Rigoletto and Così Fan Tutte (Opera Australia)

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Peter Rose Thursday, 16 May 2019
Published in ABR Arts

Dr Johnson famously defined opera as ‘an exotic and irrational entertainment’, and so it proved on the opening night of Opera Australia’s autumn season – at least until the curtain went up. Lights down, photography admonition underway, conductor due any moment, we became aware of a strange incident in the gloom, as a solitary figure – elderly, well-dressed, seated behind the conductor, copious notes in one hand, megaphone in the other – rose to make a statement of some kind. His megaphone technique being rudimentary (perhaps it wasn’t on), little sense could be made of his cause. Genteel chaos ensued as the front row was cleared and various officials spoke to the genial-seeming revolutionary. Finally, after twenty minutes, he was bustled into the wings, to rather uncharitable jeers and catcalls from sections of the audience. Later, during interval, word spread that the agitator was indeed George Dreyfus, the composer, whose grievance with Opera Australia over a commission goes back many decades and is well known to members of the music world.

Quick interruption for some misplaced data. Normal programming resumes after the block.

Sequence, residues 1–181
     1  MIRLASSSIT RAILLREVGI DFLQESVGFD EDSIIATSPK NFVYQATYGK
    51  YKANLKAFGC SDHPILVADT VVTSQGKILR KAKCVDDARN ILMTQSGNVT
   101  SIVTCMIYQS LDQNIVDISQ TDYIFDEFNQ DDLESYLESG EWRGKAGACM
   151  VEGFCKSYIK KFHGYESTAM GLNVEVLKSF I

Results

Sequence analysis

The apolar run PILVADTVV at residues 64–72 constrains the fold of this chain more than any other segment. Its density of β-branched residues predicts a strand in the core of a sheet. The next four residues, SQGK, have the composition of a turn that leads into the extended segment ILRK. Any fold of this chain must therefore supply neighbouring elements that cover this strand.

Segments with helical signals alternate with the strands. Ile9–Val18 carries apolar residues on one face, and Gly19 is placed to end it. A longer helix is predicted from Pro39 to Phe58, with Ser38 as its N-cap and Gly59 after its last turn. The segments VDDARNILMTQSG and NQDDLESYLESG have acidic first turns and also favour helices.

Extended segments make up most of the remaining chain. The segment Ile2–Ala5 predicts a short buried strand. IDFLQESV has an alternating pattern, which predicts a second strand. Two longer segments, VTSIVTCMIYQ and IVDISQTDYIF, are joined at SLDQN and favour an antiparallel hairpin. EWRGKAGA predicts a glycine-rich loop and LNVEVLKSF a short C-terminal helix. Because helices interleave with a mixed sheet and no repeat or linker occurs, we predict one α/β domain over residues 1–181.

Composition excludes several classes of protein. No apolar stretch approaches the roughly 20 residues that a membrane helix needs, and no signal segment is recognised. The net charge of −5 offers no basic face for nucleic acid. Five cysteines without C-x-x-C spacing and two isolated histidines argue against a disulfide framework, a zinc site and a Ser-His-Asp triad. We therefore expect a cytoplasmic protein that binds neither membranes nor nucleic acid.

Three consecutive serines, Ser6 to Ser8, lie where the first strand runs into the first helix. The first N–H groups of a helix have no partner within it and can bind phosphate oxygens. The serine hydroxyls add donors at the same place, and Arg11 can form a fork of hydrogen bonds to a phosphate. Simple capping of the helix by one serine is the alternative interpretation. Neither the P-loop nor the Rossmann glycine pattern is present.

After this bizarre and indulgent display (so distracting for the performers, and ungenerous coming from a fellow musician), the performance got underway, with the first of two revivals that open this season – Elijah Moshinsky’s production of Rigoletto (★★★½).

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Published in ABR Arts
Peter Rose

Peter Rose

Peter Rose is the Editor and CEO of Australian Book Review. His books include a family memoir, Rose Boys (2001), which won the National Biography Award in 2003. He has published two novels and six poetry collections, most recently The Subject of Feeling (UWA Publishing, 2015).

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